Of the land animals that were brought from Spain to this Island of Hispaniola, which were not to be found here before.

Translated by Andrea Tellez ’21

There were no horses on this island of Hispaniola nor in any of these parts, and the first mares were brought from Spain; now there are so many that there is no need to bring any from elsewhere. There are so many horse ranches on this island that from here they have been taken to other islands that are populated by Christians, where they are now found in great numbers and abundance. From this island they have been taken to the Mainland, to New Spain, and to New Castile, and the breed raised here are to be found now in all other parts of the Indies; a foal or mare tamed on this island has come to be worth from three to five castellanos (gold pesos) or less.

Of the cows I say the same, as far as they already being innumerable, for it is well known that on this island there are large herds and cattle ranches, with one cow selling for one gold peso; and many have been speared and killed with the meat being left to rot so the hides can be sold and sent to Spain, and every year many ships sail loaded with these hides. There are men in this city and on the island with two, and three, and four, and five, and six, and seven, and eight, and nine, and ten thousand heads of cattle and even larger quantities. It is known that the widow of Diego Solano has around 20,000 heads of this cattle; and the bishop of Venezuela, Dean[1] of this Holy Church of Santo Domingo, has 25,000 heads or more, as I told in book III, chapter XI, and there are men with large numbers of bovine cattle below this number. Rams and sheep were brought as well, and now there are many flocks of this kind.

There have been large ranches of pigs on this island, and after the settlers took to sugar cane farming many gave up this kind of livestock because the pigs were so harmful to the cane fields; but still there are many, and the fields are full of wild animals, like wild cows and pigs, and many wild dogs that have gone to the mountains and are worse than wolves and do more harm. Likewise, many domestic cats that were brought from Castile have gone wild on the fields and are now innumerable; they call these cats cimarrones, which means fugitive in the language of this island. There are also many donkeys on this island of the breed that was brought from Spain, and mules that have been bred here have done very well; but because all these things have already been discussed in particular and I am not a friend of referring many times to the same thing, enough is said of these seven kinds of animal that were brought here from Castile, because the mules here were grown from the interbreeding of donkeys and mares. And as I told in another part of the story, I will remind the reader that in this city a cow costs two maravedis[2] per arrelde (four pounds) of beef; and they are killed every day that meat is eaten in this city of Santo Domingo of the island of Hispaniola.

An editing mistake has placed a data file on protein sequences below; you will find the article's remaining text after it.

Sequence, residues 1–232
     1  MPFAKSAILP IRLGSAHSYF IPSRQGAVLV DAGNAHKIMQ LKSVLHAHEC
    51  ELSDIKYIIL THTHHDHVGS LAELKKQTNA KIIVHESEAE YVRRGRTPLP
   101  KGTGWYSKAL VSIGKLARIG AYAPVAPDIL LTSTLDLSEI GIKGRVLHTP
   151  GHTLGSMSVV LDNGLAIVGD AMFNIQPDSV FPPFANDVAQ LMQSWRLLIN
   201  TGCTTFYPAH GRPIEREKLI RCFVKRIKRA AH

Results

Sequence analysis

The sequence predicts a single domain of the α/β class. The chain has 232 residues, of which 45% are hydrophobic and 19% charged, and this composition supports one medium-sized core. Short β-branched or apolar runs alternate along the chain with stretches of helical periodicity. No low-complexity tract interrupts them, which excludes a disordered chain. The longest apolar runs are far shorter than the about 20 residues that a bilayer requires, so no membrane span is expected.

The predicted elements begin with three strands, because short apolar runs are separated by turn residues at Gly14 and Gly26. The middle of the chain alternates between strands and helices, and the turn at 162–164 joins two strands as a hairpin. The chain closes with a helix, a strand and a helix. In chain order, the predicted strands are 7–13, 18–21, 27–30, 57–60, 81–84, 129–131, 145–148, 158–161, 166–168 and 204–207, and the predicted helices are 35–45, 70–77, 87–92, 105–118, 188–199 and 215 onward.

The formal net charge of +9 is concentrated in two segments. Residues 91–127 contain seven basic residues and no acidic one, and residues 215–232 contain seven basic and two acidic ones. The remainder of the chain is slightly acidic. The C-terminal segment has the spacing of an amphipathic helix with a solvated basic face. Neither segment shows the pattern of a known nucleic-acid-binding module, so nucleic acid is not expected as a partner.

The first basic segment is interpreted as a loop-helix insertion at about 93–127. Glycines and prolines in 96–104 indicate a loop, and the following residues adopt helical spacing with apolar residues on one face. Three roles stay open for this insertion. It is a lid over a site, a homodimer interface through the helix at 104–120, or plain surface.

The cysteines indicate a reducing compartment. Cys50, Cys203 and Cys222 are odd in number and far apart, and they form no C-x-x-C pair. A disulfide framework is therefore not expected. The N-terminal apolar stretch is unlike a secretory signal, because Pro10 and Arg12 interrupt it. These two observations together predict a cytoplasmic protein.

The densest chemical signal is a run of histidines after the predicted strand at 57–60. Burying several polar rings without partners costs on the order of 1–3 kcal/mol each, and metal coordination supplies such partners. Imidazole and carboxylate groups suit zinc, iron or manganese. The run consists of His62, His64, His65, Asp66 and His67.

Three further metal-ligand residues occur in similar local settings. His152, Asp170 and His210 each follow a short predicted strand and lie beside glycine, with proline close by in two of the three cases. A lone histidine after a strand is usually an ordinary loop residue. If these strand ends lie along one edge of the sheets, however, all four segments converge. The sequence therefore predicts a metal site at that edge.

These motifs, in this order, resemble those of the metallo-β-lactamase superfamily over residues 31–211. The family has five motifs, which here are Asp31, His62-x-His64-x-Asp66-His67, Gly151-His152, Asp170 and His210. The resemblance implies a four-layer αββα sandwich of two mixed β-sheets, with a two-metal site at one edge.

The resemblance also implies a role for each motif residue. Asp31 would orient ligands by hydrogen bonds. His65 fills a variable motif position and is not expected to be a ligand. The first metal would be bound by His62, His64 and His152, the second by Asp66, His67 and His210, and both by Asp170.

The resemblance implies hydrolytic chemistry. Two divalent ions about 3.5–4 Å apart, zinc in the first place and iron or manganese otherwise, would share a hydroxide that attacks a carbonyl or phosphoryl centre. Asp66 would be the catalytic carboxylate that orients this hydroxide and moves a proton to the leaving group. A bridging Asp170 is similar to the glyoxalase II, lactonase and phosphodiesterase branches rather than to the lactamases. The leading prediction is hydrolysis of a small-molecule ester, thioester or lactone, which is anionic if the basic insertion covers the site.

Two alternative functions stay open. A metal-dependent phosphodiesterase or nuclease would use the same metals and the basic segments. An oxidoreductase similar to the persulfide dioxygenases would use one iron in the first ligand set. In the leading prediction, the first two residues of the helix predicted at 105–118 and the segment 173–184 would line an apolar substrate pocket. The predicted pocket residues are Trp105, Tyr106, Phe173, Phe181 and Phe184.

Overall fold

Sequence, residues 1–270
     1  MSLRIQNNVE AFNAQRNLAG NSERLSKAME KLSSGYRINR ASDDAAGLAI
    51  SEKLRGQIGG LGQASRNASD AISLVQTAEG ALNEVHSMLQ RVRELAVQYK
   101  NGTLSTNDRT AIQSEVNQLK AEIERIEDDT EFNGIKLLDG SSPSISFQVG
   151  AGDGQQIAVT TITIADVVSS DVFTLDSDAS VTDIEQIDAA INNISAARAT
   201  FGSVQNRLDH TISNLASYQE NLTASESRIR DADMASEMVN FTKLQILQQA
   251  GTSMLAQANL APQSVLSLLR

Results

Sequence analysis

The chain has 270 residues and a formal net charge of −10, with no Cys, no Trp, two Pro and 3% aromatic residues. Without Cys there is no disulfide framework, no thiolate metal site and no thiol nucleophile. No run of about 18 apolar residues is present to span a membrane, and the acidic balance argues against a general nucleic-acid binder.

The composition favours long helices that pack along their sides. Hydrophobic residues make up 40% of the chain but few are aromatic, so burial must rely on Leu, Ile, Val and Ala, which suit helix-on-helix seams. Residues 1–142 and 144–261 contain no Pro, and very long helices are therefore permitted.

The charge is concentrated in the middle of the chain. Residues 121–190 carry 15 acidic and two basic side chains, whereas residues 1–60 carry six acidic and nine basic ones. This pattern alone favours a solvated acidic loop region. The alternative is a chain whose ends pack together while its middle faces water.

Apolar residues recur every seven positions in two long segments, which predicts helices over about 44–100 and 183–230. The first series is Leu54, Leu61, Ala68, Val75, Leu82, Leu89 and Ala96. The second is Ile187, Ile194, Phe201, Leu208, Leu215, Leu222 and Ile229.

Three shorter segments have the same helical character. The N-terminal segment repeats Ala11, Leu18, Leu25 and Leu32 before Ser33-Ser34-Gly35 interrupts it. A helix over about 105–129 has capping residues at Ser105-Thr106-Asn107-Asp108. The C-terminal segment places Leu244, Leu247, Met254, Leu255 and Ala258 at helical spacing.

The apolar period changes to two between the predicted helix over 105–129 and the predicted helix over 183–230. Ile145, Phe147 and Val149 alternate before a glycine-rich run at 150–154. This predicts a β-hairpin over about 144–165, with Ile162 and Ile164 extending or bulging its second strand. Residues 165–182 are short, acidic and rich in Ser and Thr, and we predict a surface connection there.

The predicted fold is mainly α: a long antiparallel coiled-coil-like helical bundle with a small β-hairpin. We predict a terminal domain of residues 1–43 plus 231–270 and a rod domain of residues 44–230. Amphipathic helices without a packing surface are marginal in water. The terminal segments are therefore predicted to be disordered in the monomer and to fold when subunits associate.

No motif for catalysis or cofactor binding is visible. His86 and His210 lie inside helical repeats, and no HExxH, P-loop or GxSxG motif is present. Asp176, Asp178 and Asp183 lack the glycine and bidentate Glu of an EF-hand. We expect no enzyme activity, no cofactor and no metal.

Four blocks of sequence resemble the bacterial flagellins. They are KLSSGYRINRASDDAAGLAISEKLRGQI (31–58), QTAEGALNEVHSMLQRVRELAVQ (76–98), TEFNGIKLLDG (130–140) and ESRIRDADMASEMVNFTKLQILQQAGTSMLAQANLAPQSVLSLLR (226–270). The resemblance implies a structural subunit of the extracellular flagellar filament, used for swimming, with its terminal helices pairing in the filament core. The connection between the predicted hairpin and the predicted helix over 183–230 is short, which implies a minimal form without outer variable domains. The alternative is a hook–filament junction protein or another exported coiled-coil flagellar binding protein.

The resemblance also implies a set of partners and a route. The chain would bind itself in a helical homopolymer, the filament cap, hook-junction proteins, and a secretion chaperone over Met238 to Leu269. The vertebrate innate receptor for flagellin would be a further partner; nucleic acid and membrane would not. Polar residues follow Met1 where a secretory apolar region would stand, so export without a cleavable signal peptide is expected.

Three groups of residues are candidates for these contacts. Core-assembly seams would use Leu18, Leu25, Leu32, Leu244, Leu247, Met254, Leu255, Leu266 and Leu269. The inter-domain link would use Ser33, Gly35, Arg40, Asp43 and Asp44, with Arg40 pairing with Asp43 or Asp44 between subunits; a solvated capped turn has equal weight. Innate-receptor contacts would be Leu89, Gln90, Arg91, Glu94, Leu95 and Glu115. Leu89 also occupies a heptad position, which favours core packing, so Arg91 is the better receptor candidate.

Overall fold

White and dark rabbits have been brought to this city, and there are some in the houses of some private residents; but it is not useful breeding, as has been seen in their proliferation in the Canary Islands, and they are naturally harmful to crops. And if we consult what has been written by Pliny[3], a Spanish city was already abandoned because of the digging and proliferation of rabbits. Goats have been brought from Spain and the Canary Islands and from Cabo Verde, and there are some ranches of this livestock—the best tasting are the small ones from Guinea or from Cabo Verde and those islands; but there is not much of this livestock on these islands. However, of the other kinds that I mentioned above, like mares and horses, cows, sheep, and pigs, this and the other islands are full of them—like San Juan, Cuba, Jamaica, and most of the Spanish settlements; on the Mainland they have all of these, especially in New Spain, each of them in great quantity, and every day they increase wherever Christians settle.

[1] In a church context, a dean is a cleric holding certain positions of authority within a religious hierarchy. In the Catholic Church, a dean is a canon or clergyman that presides over a cathedral’s chapter. [English edition note.]

[2] Maravedí was the name of various Iberian coins between the 11th and 14th centuries and the name of different Iberian accounting units between the 11th and 19th centuries.

[3] Pliny, Book VIII, Chapter XXIX.